Martin Whatson’s ‘Paint Love’ is a sort of valentine from across the Atlantic. Courtesy of Nordic Museum

"Lots of boats, lots of sagas, more boats," program manager Jon-athan Sajda says as we walk through the second floor of the new Nordic Museum.

This is the part of the museum that traces the Nordic cultures of Denmark, Norway, Sweden, Finland, Iceland, the autonomous regions of Greenland, Aland, and the Faroe Islands, and the indigenous peoples of Norway, Sweden, and Finland (the Sami). With more than 77,000 items in the collection, most of what you'll see here is what you'd expect from the world's only pan-Nordic museum: wall texts, educational videos, and ephemera.

Not so on the first floor, though. In a space off the gigantic central hallway—local architects Mithun were inspired by fjords in designing the 57,000-square-foot building—Northern Exposure: Contemporary Nordic Arts Revealed brings together nearly 40 contemporary Nordic artists. The show is curated by Dr. Klaus Ottmann, the deputy director for curatorial and academic affairs of the Phillips Collection in Washington, DC, and rounded out with works chosen by Sajda and exhibitions coordinator Robin Kaufman. There's something of everything—from sculpture to oil painting to video to site-specific installation.

Danish textile artist Grethe Wittrock's breathtaking Nordic Birds is one of the first works you'll see upon entering. Long strips of white sailcloth tipped with indigo form a wall necklace that flutters when a slight breeze hits.

Norwegian street artist Martin Whatson's Instagram-friendly Paint Love depicts a black-and-white figure painting a colorful graffiti-filled heart. Created for the show, it serves as a sort of valentine from across the Atlantic to America.

Tucked in the far back corner and behind a wall, Swedish artist Cajsa Von Zeipel's BDSM-ish eight-foot-high sculptures Passing Through Kicking Legs and Blind-Man's Bluff are neutered of being overtly sexual by being cast in all white. The figures' nearly emaciated bodies are heavily influenced by the artist engaging in forced starvation prior to starting this body of work.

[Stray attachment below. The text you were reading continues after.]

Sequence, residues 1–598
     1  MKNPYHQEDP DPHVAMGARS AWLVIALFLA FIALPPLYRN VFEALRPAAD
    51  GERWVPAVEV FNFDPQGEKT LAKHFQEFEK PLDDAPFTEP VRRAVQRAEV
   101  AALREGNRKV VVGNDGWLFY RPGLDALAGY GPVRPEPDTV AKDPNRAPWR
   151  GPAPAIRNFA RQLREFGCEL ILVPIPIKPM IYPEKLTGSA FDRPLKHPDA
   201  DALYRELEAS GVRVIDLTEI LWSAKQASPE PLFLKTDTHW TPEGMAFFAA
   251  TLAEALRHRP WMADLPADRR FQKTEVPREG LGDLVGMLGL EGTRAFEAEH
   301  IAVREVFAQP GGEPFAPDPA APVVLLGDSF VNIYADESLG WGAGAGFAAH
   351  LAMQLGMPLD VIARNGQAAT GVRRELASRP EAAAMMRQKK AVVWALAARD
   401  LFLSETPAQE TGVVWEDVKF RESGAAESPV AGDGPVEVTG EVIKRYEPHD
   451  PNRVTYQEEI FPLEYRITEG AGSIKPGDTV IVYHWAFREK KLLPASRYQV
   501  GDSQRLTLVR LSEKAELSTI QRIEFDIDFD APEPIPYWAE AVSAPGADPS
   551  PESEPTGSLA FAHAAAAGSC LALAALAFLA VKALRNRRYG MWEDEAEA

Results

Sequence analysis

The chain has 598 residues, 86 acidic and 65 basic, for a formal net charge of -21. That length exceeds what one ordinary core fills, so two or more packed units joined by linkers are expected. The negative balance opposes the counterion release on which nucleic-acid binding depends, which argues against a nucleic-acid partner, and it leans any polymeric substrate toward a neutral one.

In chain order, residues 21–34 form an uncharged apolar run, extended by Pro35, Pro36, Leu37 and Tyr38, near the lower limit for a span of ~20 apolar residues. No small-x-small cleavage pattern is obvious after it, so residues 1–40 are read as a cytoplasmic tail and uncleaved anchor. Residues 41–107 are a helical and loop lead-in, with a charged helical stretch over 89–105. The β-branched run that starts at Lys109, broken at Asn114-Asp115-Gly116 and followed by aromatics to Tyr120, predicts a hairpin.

In stark contrast is Finnish artist Kim Simonsson's nuclear-green knee-high ceramic sculpture Shaman Moss Girl with Birdhouse. Simonsson's woodland children are the ones you hope to find to lead you out of the apocalyptic wasteland.

Other notable inclusions: Israeli-born and Danish-raised Tal R's pigment and rabbit skin glue painting Drawing Class from a larger series of works aimed at dismantling the typical painter-and-model dynamic, Norwegian actor and artist Tori Wrånes's video projection of her performance of Ældgammel Baby (Ancient Baby), and Icelandic artist Hrafnhildur Arnardóttir (who unsurprisingly collaborated with Björk on her Medúlla album cover) has a ceiling hanging made of synthetic hair.

The museum's regular patrons have been brought along to embrace a more forward-thinking vision for the museum, Sajda assures me. Admittedly, I'm fighting my skepticism that aging Ballard fishermen will be down with some of the works in the show and not file a klagomål (grievance) on their way out. Hopefully not. It's a much needed new contemporary art venue for Seattle. As your friendly neighborhood Norwegian might say, gå snart! (Go soon!)